Robbery charges are similar to a larceny charge because they both involve taking someone else’s money or property. The difference is that robbery charges involve the use of force or intimidating the victim until they give you what you want. Robbery charges are more serious of the two because it involves the use of force against the victim.
When you commit robbery, you are taking the money or property from someone else without their permission. The commission of robbery also involves you using force or you threaten to use force in order to get what you want from your victim. When you commit robbery, you are taking things from the victim without planning on giving it back, the owner of the property did not give you their permission to take the property or you forced your victim to give it to you. An example of robbery would be you and a friend of yours robbed a bank in the area where you live. You had weapons and you threatened the bank tellers or manager to give you the money from the bank. This involves all of the things that will make you receive a robbery charge. There is force, taking of property that did not belong to you and you had the intent to rob the bank of the money.
First degree robbery is considered a Class B felony in the state of Connecticut. This happens when the offender actually causes some type of a serious physical injury to the person they are attempting to rob or to someone who is in the area of the robbery while you were committing the offense, the offender is armed with a deadly weapon, the offender threatens to use a deadly weapon or dangerous instrument of some kind and then shows the deadly weapon (pistol, revolver, rifle, shotgun, machine gun or any other type of firearm) or dangerous instrument. If you have been arrested for first degree robbery, you can face from one (1) to twenty (20) years in prison and up to $15,000 in fees and fines.
Second degree robbery is classified as a Class C felony in the state of Connecticut. This charge can happen when you and an accomplice rob someone, you threaten to use a deadly or dangerous weapon during the robbery or you intimidate a bank employee until they fear for their life to give you money. If you have been arrested for second degree robbery charges, you can face anywhere from one to ten (1-10) years in jail and up to $10,000 in fees and fines.
Third degree robbery is classified as a Class D felony in the state of Connecticut. Third degree robbery happens when you threaten to use physical force on the victim for the purpose of taking property from them. If you prevent your victim from resisting you and coerce them to give their property then you will be guilty of third-degree robbery. Third degree robbery does not include a weapon used against your victim. With this charge, there is no mandatory prison sentence if you have no prior felonies. You will most likely face a couple of years of probation and have to pay court fees. However, if you have previous felonies, you can face one (1) to five (5) years in prison and up to $5,000 in fees and fines.
If you committed robbery by taking someone else’s vehicle from them while they were in it then you can face up to three years in prison. A vehicle, in the state of Connecticut, can be many things. Vehicles can include a car, truck, commercial trucks, commercial trailers, three wheelers, four wheelers, ATV’s, snowmobiles, an airplane, a boat, golf carts, farming equipment, tractors, snowplows, snow blowers, lawn mowers, motorcycles or motor homes (RV’s).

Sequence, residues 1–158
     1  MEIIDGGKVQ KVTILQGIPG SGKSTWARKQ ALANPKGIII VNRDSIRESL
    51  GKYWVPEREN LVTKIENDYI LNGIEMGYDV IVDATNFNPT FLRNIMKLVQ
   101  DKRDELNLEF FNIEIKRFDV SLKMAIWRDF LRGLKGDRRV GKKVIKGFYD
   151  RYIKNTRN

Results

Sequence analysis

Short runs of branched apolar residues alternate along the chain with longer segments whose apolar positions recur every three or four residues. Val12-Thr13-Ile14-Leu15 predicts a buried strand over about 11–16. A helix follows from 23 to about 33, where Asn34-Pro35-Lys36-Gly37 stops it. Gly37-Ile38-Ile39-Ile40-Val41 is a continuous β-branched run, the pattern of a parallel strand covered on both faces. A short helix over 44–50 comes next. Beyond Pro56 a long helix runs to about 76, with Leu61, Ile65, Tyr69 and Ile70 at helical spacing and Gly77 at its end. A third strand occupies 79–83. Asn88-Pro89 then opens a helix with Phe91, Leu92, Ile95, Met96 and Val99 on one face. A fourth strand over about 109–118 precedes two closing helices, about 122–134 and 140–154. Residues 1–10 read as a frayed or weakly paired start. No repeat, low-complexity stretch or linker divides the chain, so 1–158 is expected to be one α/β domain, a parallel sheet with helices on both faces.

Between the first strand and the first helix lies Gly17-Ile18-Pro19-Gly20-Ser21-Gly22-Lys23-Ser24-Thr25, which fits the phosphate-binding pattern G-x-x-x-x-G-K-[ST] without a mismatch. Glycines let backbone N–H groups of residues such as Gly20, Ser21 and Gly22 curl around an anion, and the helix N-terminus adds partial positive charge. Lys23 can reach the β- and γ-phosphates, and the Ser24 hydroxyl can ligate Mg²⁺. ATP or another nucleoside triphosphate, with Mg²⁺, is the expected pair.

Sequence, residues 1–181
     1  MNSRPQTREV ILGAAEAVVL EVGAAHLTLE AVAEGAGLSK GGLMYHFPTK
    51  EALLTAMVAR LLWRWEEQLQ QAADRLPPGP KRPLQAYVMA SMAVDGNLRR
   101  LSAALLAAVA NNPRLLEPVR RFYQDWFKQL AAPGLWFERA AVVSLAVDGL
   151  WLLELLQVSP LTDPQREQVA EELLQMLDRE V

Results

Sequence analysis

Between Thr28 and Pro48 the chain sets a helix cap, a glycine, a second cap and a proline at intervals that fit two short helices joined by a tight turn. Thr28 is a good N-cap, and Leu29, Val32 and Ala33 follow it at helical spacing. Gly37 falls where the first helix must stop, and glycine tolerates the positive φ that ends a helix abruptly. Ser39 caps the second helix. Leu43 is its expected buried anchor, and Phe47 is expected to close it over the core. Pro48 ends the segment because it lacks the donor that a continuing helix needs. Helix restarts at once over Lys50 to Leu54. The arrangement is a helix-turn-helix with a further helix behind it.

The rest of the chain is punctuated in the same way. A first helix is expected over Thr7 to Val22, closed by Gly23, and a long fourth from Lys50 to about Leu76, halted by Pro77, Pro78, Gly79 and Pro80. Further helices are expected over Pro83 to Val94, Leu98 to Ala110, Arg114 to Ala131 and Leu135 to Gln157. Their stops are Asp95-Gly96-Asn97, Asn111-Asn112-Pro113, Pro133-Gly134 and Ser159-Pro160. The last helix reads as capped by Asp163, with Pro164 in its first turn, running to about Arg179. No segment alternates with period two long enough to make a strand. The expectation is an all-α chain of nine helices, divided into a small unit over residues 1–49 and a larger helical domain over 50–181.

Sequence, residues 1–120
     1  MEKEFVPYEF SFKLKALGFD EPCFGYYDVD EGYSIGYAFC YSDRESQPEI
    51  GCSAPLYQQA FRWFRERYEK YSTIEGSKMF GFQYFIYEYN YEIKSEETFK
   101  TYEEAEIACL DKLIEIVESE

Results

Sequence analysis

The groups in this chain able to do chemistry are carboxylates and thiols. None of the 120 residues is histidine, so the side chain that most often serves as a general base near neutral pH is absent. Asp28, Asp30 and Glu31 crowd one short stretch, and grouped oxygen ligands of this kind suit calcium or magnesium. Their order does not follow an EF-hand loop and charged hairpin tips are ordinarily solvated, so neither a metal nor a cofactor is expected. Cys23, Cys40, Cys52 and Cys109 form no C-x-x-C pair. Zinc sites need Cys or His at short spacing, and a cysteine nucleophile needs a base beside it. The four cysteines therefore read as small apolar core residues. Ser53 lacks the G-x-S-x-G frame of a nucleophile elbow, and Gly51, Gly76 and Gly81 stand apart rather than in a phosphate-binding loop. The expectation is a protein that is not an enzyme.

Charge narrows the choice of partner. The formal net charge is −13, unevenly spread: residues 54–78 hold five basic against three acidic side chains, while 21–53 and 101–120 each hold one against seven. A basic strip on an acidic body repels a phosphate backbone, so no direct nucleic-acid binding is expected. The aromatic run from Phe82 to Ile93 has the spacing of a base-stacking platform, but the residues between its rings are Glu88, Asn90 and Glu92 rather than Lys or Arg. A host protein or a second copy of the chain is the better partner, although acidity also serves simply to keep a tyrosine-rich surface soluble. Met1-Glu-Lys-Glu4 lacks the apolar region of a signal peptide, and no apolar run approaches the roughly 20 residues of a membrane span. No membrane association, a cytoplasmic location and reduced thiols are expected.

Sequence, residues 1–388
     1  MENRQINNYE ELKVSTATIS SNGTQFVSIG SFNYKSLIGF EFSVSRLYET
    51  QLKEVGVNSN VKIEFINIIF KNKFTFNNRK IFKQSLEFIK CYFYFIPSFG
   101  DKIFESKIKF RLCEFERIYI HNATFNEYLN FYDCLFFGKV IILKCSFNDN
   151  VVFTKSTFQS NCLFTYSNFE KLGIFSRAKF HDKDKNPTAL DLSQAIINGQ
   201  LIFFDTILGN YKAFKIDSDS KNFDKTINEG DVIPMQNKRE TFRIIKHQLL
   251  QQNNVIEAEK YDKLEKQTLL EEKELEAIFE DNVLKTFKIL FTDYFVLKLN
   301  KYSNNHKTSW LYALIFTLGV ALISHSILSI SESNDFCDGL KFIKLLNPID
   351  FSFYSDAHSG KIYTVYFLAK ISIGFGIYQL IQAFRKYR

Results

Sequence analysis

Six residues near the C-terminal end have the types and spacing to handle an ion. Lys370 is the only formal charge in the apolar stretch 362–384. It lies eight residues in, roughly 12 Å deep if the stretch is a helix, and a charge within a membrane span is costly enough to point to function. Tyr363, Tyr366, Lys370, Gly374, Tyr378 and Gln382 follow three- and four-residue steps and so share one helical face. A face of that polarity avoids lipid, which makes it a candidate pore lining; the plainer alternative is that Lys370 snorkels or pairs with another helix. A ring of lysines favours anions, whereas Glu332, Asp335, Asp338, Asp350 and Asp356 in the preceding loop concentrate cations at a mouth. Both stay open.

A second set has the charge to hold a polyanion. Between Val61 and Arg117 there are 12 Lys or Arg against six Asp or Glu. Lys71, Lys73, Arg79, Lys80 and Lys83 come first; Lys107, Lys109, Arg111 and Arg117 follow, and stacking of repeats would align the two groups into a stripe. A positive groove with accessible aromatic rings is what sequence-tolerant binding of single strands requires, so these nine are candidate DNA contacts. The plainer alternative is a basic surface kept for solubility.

If you, a friend or a loved one has been arrested for robbery, there is a process you will go through after you are put in handcuffs and placed into the back of a police car. You will be taken to the local police station and put into the system there. They will put all of your personal information which includes your name, date of birth, your address, your height, your weight, take your fingerprints and sometimes they will take your mugshot. They will also in put the crime for which you were arrested for. They will then transport you to the booking room at the local jail. You will be processed into the local jail and wait to see a judge. Seeing a judge will usually happen the next day or the same day if you are arrested in the early hours. The judge will decide your fate from there. He or she will look at many factors that can influence their decision. They check to see if you are a flight risk, if you have ties to the local community, if you are employed, how long have you been employed at your current job and if you have had any previous felonies or robbery charges. The judge that presides over your case will either sentence you to probation, send you to prison or release you on a bail bond in the amount of their choosing.
If you have been granted a bail bond by the judge who presided over your case, contact Atomic Bail Bonds at (860) 982-4661. We are standing by and are ready to help you, your friend or your loved one. Our agents are professional and courteous people who will help you through the bail bond process. We do not judge you just because you committed a crime. Contact us today and provide us with the information we need so we can help you, your friend or your loved one get out of jail and back home to their family. You can work on your defense from the comforts of your own home while you are out on a bail bond. Contact Atomic Bail Bonds now. We will not add anymore stress to your life through this bail bond process. Don’t wait. Call us at (860) 982-4661.